Friday, October 2, 2009
Researchers at the Salk Institute say they've been able to reprogram cord blood cells to make them very similar to embryonic stem cells.
SAN DIEGO Researchers at the Salk Institute say they've been able to reprogram cord blood cells to make them very similar to embryonic stem cells.
Stem cells can potentially become any tissue in the body, and their therapeutic promise is great. But embryonic stem cells are controversial because you have to destroy embryos to harvest them. And using reprogrammed adult stem cells is not ideal, given the many mutations those mature cells have undergone.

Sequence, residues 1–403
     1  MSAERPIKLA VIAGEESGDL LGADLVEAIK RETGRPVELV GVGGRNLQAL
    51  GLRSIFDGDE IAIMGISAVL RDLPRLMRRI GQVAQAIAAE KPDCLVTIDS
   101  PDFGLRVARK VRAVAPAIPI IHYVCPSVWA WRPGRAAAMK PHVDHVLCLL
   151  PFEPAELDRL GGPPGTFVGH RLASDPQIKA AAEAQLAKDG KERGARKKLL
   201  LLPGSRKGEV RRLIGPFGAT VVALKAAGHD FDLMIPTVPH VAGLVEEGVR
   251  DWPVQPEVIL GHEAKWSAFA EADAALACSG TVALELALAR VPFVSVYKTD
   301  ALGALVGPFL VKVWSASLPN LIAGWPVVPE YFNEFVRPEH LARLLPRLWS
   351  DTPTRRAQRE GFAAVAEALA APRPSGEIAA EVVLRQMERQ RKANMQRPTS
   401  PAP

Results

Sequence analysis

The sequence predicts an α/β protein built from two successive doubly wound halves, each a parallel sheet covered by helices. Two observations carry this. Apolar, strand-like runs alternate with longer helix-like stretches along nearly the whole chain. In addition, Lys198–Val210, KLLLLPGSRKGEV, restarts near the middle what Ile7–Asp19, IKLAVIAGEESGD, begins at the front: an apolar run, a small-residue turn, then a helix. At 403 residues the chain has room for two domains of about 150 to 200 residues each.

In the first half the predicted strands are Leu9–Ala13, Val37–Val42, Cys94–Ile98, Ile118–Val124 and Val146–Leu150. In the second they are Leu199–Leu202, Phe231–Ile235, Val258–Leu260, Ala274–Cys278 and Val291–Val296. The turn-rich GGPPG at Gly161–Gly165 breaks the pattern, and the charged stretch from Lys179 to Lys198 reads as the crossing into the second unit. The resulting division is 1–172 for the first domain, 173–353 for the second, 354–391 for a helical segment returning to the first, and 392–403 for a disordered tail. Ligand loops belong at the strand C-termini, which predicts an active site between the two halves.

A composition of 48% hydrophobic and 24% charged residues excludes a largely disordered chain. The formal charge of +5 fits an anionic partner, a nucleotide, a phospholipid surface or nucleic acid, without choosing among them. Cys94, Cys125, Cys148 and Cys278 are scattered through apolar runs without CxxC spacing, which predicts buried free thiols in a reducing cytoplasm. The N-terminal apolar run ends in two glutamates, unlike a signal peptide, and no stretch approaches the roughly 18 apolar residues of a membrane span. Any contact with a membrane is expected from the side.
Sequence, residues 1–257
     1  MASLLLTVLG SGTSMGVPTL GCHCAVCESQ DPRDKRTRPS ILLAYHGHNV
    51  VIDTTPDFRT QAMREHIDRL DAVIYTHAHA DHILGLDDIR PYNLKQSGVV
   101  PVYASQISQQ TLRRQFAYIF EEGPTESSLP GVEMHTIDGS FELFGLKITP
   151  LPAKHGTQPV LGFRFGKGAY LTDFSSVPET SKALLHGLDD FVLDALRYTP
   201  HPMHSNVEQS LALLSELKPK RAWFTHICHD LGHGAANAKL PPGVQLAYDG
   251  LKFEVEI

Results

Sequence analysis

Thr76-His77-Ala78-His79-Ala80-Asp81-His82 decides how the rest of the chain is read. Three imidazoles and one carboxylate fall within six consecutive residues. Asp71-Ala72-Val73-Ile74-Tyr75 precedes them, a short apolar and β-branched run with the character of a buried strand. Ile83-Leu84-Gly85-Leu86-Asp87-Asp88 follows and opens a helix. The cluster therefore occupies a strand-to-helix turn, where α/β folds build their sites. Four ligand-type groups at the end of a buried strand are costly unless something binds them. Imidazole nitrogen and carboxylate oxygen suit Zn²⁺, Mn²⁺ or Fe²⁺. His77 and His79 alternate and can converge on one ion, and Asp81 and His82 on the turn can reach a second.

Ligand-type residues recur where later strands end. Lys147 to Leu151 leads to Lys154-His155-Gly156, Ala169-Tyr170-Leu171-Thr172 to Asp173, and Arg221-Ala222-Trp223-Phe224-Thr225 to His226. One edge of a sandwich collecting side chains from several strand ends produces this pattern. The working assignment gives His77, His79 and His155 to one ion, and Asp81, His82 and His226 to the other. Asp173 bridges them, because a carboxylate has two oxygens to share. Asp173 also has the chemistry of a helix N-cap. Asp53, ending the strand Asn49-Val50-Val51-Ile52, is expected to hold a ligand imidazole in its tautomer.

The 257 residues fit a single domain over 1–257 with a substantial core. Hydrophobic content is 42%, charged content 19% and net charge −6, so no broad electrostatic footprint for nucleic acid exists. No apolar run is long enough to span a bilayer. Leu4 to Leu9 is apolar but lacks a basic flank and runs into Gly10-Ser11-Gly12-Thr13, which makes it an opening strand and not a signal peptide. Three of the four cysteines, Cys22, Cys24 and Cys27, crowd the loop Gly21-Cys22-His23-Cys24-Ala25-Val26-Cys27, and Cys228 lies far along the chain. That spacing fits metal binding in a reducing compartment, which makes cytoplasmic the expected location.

That's why scientists at Salk Institute say their success in reprogramming umbilical cord blood cells into stem cells is significant. Dr. Izpisua Belmonte describes cord blood cells as primitive cells with no mutations. He says they are unique in their ability to be transplanted without being rejected by the person's immune system.
Furthermore, cord blood banks could provide a potentially unlimited supply. Belmonte says this process will require more testing to make sure the stem cells are safe and effective in practice.